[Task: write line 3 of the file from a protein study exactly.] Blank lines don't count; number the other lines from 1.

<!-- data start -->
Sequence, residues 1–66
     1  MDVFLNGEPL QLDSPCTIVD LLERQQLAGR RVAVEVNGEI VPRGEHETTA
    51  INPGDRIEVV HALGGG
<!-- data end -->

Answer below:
    51  INPGDRIEVV HALGGG